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Appl Opt. 2011 Oct 20;50(30):5861-71. doi: 10.1364/AO.50.005861.

Automated determination of best focus and minimization of optical path difference in Linnik white light interferometry.

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  • 1School of Instrument Science and Opto-electronic Engineering, Hefei University of Technology, Hefei, Anhui 230009, China.

Abstract

It is difficult to search for interference fringes in Linnik white light interferometry with an extremely short coherence length because of the optical path mismatch of two interference arms and the defocus of the reference mirror and the test surface. We present an automated method to tackle this problem in this paper. The determination of best foci of the reference mirror and the test surface is implemented by the astigmatic method based on a modified commercial DVD pickup head embedded in the interference system. The astigmatic method is improved by setting a threshold value in the sum signal to truncate the normalized focus error signal (NFES). The truncated NFES has a monotonic relationship with the displacement of the test surface, which removes the position ambiguity of the test surface during the autofocus process. The developed autofocus system is confirmed experimentally with a dynamic range of 190 μm, average sensitivity of 70 mV/μm, average standard deviation of 0.041 μm, displayed resolution of 4.4 nm, and accuracy of 55 nm. The minimization of the optical path difference of two interference arms is carried out by finding the maximum fringe contrast of the image captured by a CCD camera with the root mean square fringe contrast (RMSFC) function. The RMSFC function, combined with a 4×4 pixel binning of the CCD camera, is recommended to improve the computational efficiency. Experimental tests show that the automated method can be effectively utilized to search for interference fringes in Linnik white light interferometry.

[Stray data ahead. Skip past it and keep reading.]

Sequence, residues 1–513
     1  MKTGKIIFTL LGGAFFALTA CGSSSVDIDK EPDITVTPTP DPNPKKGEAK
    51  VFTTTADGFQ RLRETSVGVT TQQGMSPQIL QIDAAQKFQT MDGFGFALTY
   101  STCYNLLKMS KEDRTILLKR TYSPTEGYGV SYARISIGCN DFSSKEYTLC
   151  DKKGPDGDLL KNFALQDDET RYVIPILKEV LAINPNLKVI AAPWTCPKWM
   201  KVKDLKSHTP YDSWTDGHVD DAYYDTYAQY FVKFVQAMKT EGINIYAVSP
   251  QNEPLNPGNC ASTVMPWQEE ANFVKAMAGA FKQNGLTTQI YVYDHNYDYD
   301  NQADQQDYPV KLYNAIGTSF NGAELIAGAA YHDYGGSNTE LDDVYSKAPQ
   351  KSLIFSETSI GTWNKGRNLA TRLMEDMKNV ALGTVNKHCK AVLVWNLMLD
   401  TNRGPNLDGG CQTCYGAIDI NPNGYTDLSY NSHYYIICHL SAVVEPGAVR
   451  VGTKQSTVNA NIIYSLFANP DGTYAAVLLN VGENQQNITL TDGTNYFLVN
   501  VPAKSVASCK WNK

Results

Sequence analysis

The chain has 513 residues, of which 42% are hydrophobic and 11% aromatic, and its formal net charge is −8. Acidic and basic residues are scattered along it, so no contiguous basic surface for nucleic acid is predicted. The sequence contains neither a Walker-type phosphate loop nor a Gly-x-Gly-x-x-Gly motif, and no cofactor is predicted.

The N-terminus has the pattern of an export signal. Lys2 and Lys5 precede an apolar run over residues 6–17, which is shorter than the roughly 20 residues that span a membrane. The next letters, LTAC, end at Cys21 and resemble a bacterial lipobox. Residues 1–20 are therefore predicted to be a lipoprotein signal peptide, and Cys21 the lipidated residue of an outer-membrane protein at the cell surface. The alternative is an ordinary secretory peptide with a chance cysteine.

© 2011 Optical Society of America

PMID:
22015414
[PubMed]
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